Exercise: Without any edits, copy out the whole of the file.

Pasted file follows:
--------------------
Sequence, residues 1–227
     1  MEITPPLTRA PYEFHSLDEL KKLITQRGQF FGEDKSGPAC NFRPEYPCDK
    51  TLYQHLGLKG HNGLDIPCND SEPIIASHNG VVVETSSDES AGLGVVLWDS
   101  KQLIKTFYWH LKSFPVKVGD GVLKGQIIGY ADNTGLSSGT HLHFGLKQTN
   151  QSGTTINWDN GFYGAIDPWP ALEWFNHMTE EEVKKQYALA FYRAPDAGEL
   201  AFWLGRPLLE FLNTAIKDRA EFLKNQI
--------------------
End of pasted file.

Sequence, residues 1–227
     1  MEITPPLTRA PYEFHSLDEL KKLITQRGQF FGEDKSGPAC NFRPEYPCDK
    51  TLYQHLGLKG HNGLDIPCND SEPIIASHNG VVVETSSDES AGLGVVLWDS
   101  KQLIKTFYWH LKSFPVKVGD GVLKGQIIGY ADNTGLSSGT HLHFGLKQTN
   151  QSGTTINWDN GFYGAIDPWP ALEWFNHMTE EEVKKQYALA FYRAPDAGEL
   201  AFWLGRPLLE FLNTAIKDRA EFLKNQI